Cleveland will look to fend off elimination in game two of the best-of-3 series from Progressive Field on Wednesday night in a 7:08 PM ET first pitch. Right-hander Carlos Carrasco will make his third career postseason start for the Tribe and his second against the Yankees. Masahiro Tanaka, who earned a win against the Indians during the two clubs’ postseason series back in 2017, will look to build on a 5-3 career playoff record.
If the Yankees win Wednesday, they will travel to San Diego for American League Division Series bubble play at Petco Park against the winner of the Tampa Bay/Toronto series. If the Indians are victorious, they will force a decisive Game 3 pitting second-year right-hander Zach Plesac against a pitcher to be determined.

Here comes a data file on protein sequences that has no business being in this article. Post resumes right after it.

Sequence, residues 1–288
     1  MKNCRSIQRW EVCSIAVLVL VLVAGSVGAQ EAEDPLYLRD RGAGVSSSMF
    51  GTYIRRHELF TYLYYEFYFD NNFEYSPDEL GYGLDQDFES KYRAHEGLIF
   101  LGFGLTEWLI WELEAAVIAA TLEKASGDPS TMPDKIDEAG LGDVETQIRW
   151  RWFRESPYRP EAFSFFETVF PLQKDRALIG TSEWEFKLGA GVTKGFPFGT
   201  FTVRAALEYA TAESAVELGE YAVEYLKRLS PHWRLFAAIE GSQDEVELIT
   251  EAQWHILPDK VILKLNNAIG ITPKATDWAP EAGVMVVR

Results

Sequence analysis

Photo: Jason Miller/Getty Images